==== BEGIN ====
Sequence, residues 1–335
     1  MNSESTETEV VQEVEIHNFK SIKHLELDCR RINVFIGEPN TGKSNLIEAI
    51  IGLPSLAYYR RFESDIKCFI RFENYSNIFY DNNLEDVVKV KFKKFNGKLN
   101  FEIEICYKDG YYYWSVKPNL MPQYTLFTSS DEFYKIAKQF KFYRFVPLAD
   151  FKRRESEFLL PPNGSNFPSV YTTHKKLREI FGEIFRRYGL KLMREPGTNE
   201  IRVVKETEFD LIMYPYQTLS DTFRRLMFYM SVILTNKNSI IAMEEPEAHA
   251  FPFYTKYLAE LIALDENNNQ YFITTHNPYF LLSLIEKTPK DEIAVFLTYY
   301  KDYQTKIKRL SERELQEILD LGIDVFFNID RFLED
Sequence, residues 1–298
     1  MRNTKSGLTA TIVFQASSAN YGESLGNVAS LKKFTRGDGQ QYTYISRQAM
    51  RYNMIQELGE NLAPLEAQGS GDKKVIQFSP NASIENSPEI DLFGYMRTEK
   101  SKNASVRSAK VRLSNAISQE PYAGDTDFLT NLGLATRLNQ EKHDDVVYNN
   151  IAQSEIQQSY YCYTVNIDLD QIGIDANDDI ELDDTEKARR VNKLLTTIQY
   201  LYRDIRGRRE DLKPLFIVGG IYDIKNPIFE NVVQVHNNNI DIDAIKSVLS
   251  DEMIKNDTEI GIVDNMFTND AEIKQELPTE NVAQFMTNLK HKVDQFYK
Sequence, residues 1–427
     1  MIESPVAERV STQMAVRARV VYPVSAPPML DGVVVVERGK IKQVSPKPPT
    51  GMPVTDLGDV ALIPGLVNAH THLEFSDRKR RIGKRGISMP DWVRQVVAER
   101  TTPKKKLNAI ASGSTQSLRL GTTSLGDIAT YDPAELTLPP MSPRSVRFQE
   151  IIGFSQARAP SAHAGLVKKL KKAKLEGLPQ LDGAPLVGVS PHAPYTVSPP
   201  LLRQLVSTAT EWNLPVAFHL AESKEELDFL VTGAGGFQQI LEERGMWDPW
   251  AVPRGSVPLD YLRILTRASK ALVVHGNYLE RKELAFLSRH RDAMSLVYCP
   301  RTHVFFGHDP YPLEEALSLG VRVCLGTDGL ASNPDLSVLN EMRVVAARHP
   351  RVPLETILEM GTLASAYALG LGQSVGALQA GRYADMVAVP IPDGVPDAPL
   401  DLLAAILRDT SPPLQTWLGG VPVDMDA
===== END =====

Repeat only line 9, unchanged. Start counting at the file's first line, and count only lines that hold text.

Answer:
Sequence, residues 1–298